Fakir Baykurt

The following article is from The Great Soviet Encyclopedia (1979). It might be outdated or ideologically biased.

Fakir Baykurt


Born June 30, 1929, in the village of Akçaköy, in the vilayet of Burdur. Turkish writer.

Baykurt graduated from a rural schoolteachers’ institute in Gönen in 1949 and from a pedagogical institute in Ankara in 1955. He taught school and became an inspector of primary schools in Ankara in 1960. In 1971 he was arrested for belonging to the leftist democratic movement; he was imprisoned until 1973.

Baykurt began his literary career in the 1940’s as a poet. He gained fame with the novels The Snakes’ Revenge (1959; Russian translation, 1964) and The Life of Iraci (1961), works that dealt with the hard life of the modern Turkish village. In 1962 he published the socially oriented novel The Tenth Village (1961; Russian translation, 1967). Baykurt’s outstanding short stories and novellas are published in the collections Stomachache (1961), The Dwarf Muhammed (1964), and Anatolian Garage (1970). Baykurt has also written studies on Turkish folklore.


Efenilik savasi. Istanbul, 1959.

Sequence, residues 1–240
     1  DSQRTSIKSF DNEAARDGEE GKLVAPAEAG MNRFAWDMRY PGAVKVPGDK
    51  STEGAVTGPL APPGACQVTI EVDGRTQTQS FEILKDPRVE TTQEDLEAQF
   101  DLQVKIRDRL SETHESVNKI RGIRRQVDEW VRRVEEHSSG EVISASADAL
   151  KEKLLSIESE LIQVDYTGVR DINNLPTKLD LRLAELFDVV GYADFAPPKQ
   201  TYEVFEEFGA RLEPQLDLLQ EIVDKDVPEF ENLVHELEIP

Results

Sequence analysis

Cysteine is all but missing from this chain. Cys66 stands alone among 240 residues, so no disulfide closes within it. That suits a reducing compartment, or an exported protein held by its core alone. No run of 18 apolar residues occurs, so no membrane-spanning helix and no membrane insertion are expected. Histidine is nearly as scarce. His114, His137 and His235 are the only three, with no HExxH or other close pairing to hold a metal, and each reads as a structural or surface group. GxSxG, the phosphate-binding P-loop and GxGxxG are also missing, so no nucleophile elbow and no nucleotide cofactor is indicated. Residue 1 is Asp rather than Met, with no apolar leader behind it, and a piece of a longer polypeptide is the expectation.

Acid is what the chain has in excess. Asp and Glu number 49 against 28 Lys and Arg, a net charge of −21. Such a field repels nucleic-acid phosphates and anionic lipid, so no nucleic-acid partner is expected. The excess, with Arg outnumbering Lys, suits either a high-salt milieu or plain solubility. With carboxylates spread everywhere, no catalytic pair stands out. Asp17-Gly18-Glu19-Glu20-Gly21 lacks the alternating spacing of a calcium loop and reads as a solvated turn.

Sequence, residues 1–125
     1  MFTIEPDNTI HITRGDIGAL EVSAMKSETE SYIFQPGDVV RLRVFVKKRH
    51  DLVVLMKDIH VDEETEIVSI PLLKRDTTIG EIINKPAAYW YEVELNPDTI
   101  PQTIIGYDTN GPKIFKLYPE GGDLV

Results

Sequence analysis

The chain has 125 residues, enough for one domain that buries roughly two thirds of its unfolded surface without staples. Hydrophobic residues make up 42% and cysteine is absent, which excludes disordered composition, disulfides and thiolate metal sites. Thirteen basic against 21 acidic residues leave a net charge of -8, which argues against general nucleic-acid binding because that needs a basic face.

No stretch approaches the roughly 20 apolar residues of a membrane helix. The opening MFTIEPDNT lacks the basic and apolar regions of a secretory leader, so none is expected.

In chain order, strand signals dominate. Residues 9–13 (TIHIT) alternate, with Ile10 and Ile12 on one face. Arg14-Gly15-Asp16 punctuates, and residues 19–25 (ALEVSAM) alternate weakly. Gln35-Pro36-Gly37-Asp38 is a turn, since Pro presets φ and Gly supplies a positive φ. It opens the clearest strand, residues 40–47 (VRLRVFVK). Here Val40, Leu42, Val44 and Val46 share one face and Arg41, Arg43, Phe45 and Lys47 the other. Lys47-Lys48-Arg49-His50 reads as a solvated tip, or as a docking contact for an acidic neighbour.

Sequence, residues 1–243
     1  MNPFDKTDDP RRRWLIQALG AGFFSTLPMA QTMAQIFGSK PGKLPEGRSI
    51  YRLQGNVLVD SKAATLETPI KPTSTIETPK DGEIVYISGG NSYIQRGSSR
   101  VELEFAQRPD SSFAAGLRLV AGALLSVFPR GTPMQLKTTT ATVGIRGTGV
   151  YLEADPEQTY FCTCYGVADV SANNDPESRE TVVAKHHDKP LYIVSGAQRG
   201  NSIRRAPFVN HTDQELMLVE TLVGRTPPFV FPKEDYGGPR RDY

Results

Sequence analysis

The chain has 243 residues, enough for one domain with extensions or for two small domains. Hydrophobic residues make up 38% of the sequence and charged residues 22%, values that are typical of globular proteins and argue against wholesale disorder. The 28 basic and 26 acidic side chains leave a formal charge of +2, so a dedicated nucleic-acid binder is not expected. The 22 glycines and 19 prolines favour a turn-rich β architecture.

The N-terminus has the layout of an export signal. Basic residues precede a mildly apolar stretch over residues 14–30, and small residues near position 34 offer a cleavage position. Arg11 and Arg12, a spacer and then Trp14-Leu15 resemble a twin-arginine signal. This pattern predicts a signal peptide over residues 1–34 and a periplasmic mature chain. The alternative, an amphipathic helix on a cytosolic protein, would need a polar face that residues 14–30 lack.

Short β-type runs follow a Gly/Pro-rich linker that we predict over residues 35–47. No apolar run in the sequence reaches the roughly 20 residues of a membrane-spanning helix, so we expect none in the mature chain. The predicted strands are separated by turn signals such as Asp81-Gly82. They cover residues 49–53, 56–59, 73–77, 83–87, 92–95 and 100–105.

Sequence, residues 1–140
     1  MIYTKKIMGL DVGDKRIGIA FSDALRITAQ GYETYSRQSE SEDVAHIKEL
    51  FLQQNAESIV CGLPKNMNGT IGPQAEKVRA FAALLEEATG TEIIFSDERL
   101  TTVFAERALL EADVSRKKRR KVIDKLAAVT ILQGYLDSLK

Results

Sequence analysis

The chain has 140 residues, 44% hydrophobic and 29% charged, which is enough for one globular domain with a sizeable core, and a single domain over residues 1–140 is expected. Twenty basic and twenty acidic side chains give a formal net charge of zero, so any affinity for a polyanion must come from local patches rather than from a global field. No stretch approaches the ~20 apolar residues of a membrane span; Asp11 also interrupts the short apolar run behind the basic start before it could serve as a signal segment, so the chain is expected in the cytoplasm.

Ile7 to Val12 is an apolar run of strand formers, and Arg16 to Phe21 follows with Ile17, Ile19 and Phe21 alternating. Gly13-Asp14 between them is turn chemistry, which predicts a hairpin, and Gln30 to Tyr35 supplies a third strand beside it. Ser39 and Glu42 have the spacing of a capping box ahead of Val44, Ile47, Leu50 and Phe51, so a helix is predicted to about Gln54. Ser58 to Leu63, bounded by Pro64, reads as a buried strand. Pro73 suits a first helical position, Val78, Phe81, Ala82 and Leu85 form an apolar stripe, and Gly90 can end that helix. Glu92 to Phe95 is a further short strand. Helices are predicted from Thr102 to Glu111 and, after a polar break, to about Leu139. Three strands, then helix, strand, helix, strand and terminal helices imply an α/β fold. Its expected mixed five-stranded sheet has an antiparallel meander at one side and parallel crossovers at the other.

Kaplumbağalar. Istanbul, 1967.
Amerikansargisi. Istanbul, 1967.
Ttrpan. Istanbul, 1970.
On binlerce kağm. Istanbul, 1971.
Canparasi. Istanbul, 1973.


Al’kaeva, L. O. Iz istorii turetskogo romana. Moscow, 1975.
Tataln, I., and R. Mollof. Marksist açidan türk romani. Istanbul, 1969.
Fethi Naci. On türk romani. Istanbul, 1971.
The Great Soviet Encyclopedia, 3rd Edition (1970-1979). © 2010 The Gale Group, Inc. All rights reserved.
References in periodicals archive ?
The story of the EE-ekli KE-tE-phaneci (Donkey Librarian) was so delightful that it even inspired a novel by Fakir Baykurt whose picture also hangs on the wall.
Fakir Baykurt (Village Novelist), Kaplumbagalar (1966; The turtles)
Fakir Baykurt's novel has a rural setting for a very interesting example of an adulterous relationship, which is initiated by the mother of the man involved as a means to a secret personal revenge against the woman's husband.
Fakir Baykurt's story Ham Meyvayi Kopardilar Dalindan (1959) tells of a young girl of twelve years old who is married, against her own wishes and the wishes of her mother.